CREATE SERVICE llm_service MIN_INSTANCES = 1 MAX_INSTANCES = 1 COMPUTE_POOL =
SPEC = @ /llm_service.yaml;
Also, create a UDF to communicate with your service from SQL:
CREATE or REPLACE FUNCTION llm(text varchar) RETURNS varchar SERVICE=llm_service ENDPOINT=udf;
You will now have a Llama v2 7b LLM running inside your Snowflake account. Your interactions with it will stay entirely inside your account, with no data flowing to any outside API or service. You can also grant access to this service instance to other users or roles within your Snowflake account.
You will now have a Llama v2 7b LLM running inside your Snowflake account. Your interactions with it will stay entirely inside your account, with no data flowing to any outside API or service.
Finally, run this command to get the endpoints of your service so you can connect to it via your web browser:
DESCRIBE SERVICE llm_service;
Note the URL for the Gradio endpoint returned by this command, and connect to it via your web browser. Fill in your Snowflake username and password, or login via SSO or OAuth, and then you will be redirected to the chat GUI.
Chatting via the Gradio Web Interface
You can now chat with your privately-hosted LLM running securely in your Snowflake account using the Web GUI, as shown below. This instance is running the Llama-2-13b medium-sized model:
To chat, simply enter your text in the box, and you will see the responses appear:
Next Steps: Fine-Tuning, API access, Streamlit
You now have one of the latest and most advanced LLMs running inside of your Snowflake account! In addition to interacting with it via this Web GUI, you can also call it via SQL UDFs, Stored Procedures, from other Snowpark Container Services, and via an OpenAI-compatible API from internal or external services. We will cover these additional interaction modes in future blog posts. We will also show how you can use models deployed this way together with Streamlit’s new st.chat feature.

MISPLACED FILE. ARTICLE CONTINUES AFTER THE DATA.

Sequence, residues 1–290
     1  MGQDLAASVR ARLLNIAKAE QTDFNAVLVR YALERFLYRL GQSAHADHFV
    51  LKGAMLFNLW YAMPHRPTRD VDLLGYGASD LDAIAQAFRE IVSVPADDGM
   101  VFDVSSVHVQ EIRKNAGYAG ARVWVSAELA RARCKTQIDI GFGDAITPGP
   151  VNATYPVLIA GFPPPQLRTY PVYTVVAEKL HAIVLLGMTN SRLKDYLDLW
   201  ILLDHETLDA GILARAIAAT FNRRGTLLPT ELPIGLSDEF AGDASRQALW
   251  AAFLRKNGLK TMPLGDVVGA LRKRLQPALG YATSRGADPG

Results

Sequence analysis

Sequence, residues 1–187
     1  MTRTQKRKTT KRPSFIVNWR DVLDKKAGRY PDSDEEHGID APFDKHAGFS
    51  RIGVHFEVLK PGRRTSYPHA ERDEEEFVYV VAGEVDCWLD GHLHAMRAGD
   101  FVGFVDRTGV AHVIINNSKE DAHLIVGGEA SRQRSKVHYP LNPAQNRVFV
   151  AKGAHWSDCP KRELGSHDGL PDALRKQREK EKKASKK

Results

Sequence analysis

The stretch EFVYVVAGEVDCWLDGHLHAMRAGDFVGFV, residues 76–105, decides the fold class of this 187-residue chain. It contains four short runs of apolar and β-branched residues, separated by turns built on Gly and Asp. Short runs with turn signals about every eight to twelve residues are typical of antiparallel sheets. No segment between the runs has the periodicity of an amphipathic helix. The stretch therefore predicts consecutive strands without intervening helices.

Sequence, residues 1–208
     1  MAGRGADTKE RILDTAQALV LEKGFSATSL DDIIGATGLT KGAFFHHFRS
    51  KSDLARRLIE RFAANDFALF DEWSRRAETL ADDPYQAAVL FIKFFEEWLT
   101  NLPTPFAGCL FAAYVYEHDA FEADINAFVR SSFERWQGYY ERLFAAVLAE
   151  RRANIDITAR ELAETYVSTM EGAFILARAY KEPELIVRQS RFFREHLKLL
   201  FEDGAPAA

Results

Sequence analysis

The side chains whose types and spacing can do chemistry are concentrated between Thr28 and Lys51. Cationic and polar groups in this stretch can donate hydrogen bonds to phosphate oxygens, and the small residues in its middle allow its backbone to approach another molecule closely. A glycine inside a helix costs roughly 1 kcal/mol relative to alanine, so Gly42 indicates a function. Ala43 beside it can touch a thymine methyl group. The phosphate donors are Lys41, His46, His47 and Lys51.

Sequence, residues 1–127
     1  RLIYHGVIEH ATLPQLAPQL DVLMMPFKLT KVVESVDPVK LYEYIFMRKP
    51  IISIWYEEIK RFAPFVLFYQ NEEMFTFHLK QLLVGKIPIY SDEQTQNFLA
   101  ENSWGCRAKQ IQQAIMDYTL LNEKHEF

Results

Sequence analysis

You can also fine-tune Llama models within Snowpark Container Services, to create new models that are a combination of an original Llama v2 model merged with your own data from your Snowflake account. We will cover this as well in a future blog post in this series. In the meantime if you are in the Snowpark Container Services preview and you’d like to explore fine-tuning or these other interaction models in the meantime, please contact your Snowflake account team for instructions.
Running LLMs securely with Snowflake
With the availability of free and high quality LLMs of various sizes from Meta with Llama v2 and likely from other sources in the near future, we are extremely excited about what our customers will be able to accomplish by running, fine-tuning, and even training these models with Snowpark Container Services directly and securely inside their Snowflake accounts. Within the secure boundaries of Snowflake, your data doesn’t need to go to an external or multi-tenant LLM service, even for the most advanced LLM use cases and deployment modes. (Of course, you should make sure that you have commercial rights to the LLM that you use.) And any models that you train or fine-tune on your own data are created and remain securely inside your Snowflake account.
Many of our customers have been asking us for these capabilities over the last few months as LLMs have captured the world’s attention. We are excited to bring these capabilities to you now, based on Snowpark Container Services. This blog, and the possibilities of training and running LLMs inside of Snowflake are just beginning!